THE BLOG
06/12/2013 05:08 pm ET Updated Aug 12, 2013

The U.S. and France: Same End-of-Life Struggles

I was recently the keynote speaker at an end-of-life International Congress in Strasbourg, France. It was an amazing professional and personal experience. What I found particularly near and dear to my heart was learning and hearing about how people in another country deal with end-of-life issues -- or do not deal with them -- similar to us here in the U.S. There are many similarities and several differences. According to French chaplains with whom I talked, the French are also less likely to talk about the fact that they will, one day, die.

One major difference is that the chaplains there are less likely to be involved with patient care. Most professional chaplains in the U.S. are integrated into the multi-disciplinary care teams of their health care institutions. They provide valuable information to the rest of the team about spiritual/religious issues that may be impacting the patient's physical condition, since studies have shown that a patients' physical condition can be affected by their psycho/social/spiritual concerns.

The French also struggle with many of the same issues that we have been dealing with since the Patient Self-Determination Act was passed here in 1990. A majority of our society is still ignorant of our rights in terms of how we want our bodies treated as we near the end of life. In 2005, France passed Leonetti's Law which, among other things, enabled the citizens of France to name a "Person of Confidence" or "Trusted Person," similar to our designated health agent or proxy. Prior to that, doctors could make decisions to end care without consulting either the patient or family. France is struggling with people not knowing that they can select someone to make health care decisions for them when they cannot make them themselves. I am not sure what the answer is to this lack of education. Perhaps there needs to be more public cases like the Terri Schiavo case that will wake people up to ensuring that their loved one knows what their wishes are as to how they want their body treated especially when the choice is quality of life vs. quantity of life.

Additionally, France is moving toward legalizing euthanasia. In March of this year, France's medical ethics council ruled that "assisted suicide should exceptionally be allowed when ailing patients make 'persistent, lucid and repeated requests' to end their life." [1] With this ruling, France is moving closer to allowing "assisted death" under very specific circumstances, although there are factions that believe that euthanasia should be legalized. In my research in preparation for my presentations, I learned that according to France's national demographics council, there are about 3,000 euthanasia cases in France annually on average, all of them illegal. [2]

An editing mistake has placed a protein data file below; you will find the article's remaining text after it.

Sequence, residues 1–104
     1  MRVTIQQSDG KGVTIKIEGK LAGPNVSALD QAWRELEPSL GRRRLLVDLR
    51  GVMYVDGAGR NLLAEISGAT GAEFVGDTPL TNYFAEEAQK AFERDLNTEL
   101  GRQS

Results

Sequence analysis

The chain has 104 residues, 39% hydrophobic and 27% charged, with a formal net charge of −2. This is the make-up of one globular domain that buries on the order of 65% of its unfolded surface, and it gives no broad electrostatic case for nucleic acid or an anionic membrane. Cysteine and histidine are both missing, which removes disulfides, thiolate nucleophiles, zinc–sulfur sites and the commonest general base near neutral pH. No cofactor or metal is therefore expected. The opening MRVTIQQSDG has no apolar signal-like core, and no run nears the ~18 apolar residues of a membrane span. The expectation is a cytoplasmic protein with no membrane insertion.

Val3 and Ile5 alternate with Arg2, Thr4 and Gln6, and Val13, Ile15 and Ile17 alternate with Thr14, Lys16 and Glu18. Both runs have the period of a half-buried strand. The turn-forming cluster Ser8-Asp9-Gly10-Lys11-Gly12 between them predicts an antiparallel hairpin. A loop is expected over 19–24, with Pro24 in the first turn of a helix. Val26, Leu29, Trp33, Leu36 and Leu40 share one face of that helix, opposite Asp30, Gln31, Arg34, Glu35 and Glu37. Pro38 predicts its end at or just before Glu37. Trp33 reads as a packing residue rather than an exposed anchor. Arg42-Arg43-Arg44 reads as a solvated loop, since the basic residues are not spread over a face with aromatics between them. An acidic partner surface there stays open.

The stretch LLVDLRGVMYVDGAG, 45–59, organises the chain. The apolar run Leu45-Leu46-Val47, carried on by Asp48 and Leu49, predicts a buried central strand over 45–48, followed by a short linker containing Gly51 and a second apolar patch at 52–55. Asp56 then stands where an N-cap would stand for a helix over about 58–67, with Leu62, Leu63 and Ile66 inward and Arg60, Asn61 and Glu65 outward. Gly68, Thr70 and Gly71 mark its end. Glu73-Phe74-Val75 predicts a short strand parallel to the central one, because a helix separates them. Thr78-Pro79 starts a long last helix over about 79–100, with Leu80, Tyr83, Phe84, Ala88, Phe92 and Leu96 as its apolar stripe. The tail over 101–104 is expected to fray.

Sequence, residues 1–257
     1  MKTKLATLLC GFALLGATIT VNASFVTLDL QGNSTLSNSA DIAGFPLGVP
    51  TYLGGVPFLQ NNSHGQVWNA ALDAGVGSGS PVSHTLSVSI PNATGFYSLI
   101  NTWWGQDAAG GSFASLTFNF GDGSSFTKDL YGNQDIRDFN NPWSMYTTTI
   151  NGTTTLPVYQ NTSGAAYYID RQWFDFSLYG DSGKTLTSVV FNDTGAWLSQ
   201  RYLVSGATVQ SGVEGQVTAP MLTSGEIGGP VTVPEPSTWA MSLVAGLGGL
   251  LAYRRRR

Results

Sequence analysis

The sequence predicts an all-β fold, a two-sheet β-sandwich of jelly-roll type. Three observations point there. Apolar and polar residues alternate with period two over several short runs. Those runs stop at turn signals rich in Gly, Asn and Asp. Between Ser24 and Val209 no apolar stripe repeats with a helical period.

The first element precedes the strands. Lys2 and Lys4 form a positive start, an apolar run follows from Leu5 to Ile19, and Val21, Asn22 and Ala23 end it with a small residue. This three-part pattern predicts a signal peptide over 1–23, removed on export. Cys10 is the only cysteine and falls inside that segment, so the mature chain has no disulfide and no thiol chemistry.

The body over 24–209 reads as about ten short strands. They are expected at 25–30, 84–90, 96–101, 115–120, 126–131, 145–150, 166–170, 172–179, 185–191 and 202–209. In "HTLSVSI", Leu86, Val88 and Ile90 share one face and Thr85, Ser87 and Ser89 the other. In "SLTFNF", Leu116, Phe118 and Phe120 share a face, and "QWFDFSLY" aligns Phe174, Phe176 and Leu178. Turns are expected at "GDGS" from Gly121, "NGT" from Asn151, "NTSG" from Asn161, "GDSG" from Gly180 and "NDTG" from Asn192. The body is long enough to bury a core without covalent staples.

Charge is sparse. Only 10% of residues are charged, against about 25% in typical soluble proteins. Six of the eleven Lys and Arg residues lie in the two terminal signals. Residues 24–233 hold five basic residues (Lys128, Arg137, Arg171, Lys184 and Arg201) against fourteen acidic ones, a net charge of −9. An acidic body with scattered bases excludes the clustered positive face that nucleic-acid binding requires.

While we do not allow euthanasia here, I do wonder if it happens here anyway. For example, there is the principle of the "double effect," which means that someone is given medication for one purpose and it unintentionally causes a harmful side effect, which was not intended. [3] So, if someone is in a great deal of pain and the doctors prescribe more pain medication, and that pain medication happens to hasten the person's death, that is not considered euthanasia. However, if the intention of giving additional medication is to hasten death, that is not allowed in the U.S. There are those who now think that there is no such thing as a double effect, since medications can be given in such a way that death would not "unintentionally" occur by properly increasing the medication. There are others who continue to argue that there is still a double effect doctrine. In either case, who really knows what the "intention" is either on the part of the medical team or of a family member who asks that the patient receive more pain medication because they "appear to be in pain" or "appear to be struggling."

In any case, whether there is or is not the possibility of the double effect, we need to be educated properly so that we can ensure that our loved ones and we ourselves are cared for in the manner we want. We need to have choices in how we and those we care for are treated, particularly as we near the end of our life. But, we need to do so having been educated, not being in a place where decisions may be made without our understanding the ramifications and perhaps without our knowledge or consent.

Footnotes:

(1) http://www.telegraph.co.uk/news/worldnews/europe/france/9870407/France-moves-one-step-closer-to-legalising-euthanasia.html

(2) http://www.thelocal.fr/20130214/euthanasia-should-be-permitted-french-medical-council

(3) http://plato.stanford.edu/entries/double-effect/

The doctrine (or principle) of double effect is often invoked to explain the permissibility of an action that causes a serious harm, such as the death of a human being, as a side effect of promoting some good end. It is claimed that sometimes it is permissible to cause such a harm as a side effect (or "double effect") of bringing about a good result even though it would not be permissible to cause such a harm as a means to bringing about the same good end.

For more by Rev. Dr. Martha R. Jacobs, click here.

For more on death and dying, click here.

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